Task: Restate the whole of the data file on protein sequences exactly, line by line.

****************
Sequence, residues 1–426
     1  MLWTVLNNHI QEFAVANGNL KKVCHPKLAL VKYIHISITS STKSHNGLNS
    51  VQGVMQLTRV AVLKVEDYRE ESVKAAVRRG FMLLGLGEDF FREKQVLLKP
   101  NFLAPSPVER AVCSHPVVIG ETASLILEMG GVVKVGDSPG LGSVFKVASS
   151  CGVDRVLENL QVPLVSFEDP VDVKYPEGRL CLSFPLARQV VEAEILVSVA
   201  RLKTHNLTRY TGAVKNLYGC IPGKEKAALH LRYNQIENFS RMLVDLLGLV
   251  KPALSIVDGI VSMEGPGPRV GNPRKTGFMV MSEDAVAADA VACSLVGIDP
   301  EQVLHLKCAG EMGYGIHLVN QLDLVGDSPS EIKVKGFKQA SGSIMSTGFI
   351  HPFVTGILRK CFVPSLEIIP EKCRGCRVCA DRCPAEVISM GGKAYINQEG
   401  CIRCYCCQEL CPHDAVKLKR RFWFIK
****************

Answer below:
Sequence, residues 1–426
     1  MLWTVLNNHI QEFAVANGNL KKVCHPKLAL VKYIHISITS STKSHNGLNS
    51  VQGVMQLTRV AVLKVEDYRE ESVKAAVRRG FMLLGLGEDF FREKQVLLKP
   101  NFLAPSPVER AVCSHPVVIG ETASLILEMG GVVKVGDSPG LGSVFKVASS
   151  CGVDRVLENL QVPLVSFEDP VDVKYPEGRL CLSFPLARQV VEAEILVSVA
   201  RLKTHNLTRY TGAVKNLYGC IPGKEKAALH LRYNQIENFS RMLVDLLGLV
   251  KPALSIVDGI VSMEGPGPRV GNPRKTGFMV MSEDAVAADA VACSLVGIDP
   301  EQVLHLKCAG EMGYGIHLVN QLDLVGDSPS EIKVKGFKQA SGSIMSTGFI
   351  HPFVTGILRK CFVPSLEIIP EKCRGCRVCA DRCPAEVISM GGKAYINQEG
   401  CIRCYCCQEL CPHDAVKLKR RFWFIK